If you interact with investors or money managers on a regular basis you typically get the pull-string question, "So what is your edge?" It is a valid question I suppose - considering the stakes, but I tend to almost have an involuntary grimace that would imply, "Really?"
In today's binary trading realm of computer knows best, part of "my edge" is that I don't operate on auto-pilot. I can think like a quant - but I don't have to always act like one. I have free will. I recognize the algorithmic and systems presence, understand how it interacts with the markets and can put it into context in a broader sense.
Along those lines, the macro-backdrop - which arguably has never been as crucial to get right as it is today, is the ever changing scene in which you need to juxtapose the immediate settings. It is also the well that many economists and pundits will drink from and pour tall to keep you up at night. You might hear something along these lines of this - which holds certain truths glazed in hyperbole:
"You might not realize it at the time - but that snowball that started in a small municipality in Spain could eventually show up as an avalanche on your doorstep."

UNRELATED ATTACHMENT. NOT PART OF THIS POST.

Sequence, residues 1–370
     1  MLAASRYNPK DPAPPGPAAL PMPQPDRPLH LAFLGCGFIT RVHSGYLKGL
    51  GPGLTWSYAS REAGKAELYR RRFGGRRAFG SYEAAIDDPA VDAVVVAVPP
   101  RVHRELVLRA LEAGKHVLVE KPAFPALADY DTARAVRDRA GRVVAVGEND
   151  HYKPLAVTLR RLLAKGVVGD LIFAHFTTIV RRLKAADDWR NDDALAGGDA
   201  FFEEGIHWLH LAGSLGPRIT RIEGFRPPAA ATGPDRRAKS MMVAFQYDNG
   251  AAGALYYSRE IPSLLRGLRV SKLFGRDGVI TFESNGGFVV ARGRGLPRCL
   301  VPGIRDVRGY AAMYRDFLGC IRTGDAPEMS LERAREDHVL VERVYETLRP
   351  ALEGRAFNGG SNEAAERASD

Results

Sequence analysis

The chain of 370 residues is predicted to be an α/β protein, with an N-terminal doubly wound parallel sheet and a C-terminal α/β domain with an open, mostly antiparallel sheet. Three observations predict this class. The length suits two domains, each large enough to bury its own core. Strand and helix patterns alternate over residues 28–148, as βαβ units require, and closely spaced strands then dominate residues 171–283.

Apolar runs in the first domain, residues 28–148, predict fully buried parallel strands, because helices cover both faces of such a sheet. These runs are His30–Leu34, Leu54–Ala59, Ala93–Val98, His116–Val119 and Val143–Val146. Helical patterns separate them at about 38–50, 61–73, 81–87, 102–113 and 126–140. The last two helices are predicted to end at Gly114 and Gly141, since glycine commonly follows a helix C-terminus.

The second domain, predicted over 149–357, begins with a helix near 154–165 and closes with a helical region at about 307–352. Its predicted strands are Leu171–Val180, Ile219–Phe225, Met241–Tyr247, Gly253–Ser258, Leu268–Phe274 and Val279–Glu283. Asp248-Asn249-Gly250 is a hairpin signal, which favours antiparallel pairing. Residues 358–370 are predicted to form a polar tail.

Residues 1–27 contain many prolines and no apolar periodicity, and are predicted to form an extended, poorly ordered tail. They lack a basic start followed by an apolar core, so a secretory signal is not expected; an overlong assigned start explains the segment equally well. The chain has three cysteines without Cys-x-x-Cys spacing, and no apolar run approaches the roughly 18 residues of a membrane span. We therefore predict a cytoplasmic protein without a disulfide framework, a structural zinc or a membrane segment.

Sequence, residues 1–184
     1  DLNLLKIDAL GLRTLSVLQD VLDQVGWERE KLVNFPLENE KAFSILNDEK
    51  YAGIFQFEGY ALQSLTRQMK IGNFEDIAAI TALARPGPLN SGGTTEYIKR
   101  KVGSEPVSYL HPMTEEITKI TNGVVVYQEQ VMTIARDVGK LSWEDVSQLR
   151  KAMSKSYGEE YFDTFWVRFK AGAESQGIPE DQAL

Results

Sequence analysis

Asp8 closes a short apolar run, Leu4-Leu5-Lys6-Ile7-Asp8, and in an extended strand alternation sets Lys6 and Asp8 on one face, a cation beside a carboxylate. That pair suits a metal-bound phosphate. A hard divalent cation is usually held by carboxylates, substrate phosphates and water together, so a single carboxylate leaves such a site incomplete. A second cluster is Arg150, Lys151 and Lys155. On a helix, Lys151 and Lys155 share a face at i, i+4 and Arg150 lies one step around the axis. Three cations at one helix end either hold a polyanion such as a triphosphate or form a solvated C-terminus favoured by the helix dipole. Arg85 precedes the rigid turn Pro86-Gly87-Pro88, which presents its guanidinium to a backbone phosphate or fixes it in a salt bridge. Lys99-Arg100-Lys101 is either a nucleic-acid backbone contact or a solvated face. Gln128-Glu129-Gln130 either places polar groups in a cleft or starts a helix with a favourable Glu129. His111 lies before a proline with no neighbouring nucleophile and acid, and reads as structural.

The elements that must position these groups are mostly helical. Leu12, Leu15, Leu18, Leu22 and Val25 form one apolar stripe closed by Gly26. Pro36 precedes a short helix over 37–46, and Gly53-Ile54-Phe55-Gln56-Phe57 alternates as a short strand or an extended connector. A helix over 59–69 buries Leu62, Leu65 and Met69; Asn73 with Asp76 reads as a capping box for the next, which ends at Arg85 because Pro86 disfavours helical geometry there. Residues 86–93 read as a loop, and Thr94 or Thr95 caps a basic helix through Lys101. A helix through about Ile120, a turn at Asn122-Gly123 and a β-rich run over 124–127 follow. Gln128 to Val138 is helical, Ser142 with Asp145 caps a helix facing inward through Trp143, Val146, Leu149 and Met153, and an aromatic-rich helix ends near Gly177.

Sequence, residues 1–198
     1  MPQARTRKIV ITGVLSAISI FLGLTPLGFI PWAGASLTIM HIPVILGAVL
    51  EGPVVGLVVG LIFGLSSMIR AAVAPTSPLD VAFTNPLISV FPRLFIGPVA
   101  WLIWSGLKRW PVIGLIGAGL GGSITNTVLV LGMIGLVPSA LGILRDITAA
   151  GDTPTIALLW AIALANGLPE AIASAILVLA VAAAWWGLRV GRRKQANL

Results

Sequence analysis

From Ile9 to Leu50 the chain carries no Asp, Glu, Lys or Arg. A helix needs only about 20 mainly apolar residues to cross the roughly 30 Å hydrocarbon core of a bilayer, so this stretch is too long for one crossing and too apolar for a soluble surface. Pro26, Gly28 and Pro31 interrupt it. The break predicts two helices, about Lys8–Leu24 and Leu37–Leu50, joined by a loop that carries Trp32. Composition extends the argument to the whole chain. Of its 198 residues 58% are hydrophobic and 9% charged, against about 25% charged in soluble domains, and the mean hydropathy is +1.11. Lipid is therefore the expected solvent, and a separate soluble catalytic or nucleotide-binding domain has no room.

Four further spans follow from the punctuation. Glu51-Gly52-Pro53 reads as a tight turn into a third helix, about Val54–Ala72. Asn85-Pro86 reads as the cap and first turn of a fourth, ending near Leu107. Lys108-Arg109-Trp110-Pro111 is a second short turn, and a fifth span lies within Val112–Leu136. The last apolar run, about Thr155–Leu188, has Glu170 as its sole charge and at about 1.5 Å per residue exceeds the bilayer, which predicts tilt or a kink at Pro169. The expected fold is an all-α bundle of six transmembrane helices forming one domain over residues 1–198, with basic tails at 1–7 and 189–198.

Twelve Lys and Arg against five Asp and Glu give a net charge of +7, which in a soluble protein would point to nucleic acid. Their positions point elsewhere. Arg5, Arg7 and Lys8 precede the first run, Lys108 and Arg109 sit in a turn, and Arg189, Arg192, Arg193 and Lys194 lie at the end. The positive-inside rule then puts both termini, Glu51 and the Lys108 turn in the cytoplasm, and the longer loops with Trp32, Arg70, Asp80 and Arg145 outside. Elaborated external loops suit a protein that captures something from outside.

With that said, Greece - and by extension Europe, was never the primary driver for my cause of concern, as noted in - Taking Shelter - at the end of April. Once the market digests the near term positives out of Greece - it still needs to get through the unwinding commodity trade and a firmer dollar. What has occurred is more than one catalyst has hit the market at the same time creating a wider and deeper effect. It is the same dynamic that I noted in my Constructive Interference Theory.
When a crest of a wave meets a crest of another wave at the same point, then the crests interfere constructively and the resultant crest wave amplitude is increased. Interference (wave propagation) - Wikipedia
One of those "waves" is the commodity sector - with a focus specifically on silver. The quick takeaway was that silver was a proxy for momentum in the system - and it went parabolic. I calibrate that risk by appraising the reflexes that are most prevalent in the market and interpreting the scale through similar market environments - as in June 2006. It is a way of guesstimating where you are in the movement. Just like with the 2007 fractal study - it is a reference guide for similar trading environments.
Interestingly, the 2006 time period is very likely the mirror (shoulder of a H&S top) of the CRB's present trading environment as noted in my previous notes.
And just like today - silver led the broader market lower by several sessions during its 2nd leg down. Coincidentally, the equity market is trading along very similar price points to today.
I believe once the market digests the near term positive developments out of Greece - the market will again have to deal with its own inertia - which will likely be following commodity prices such as silver and oil lower.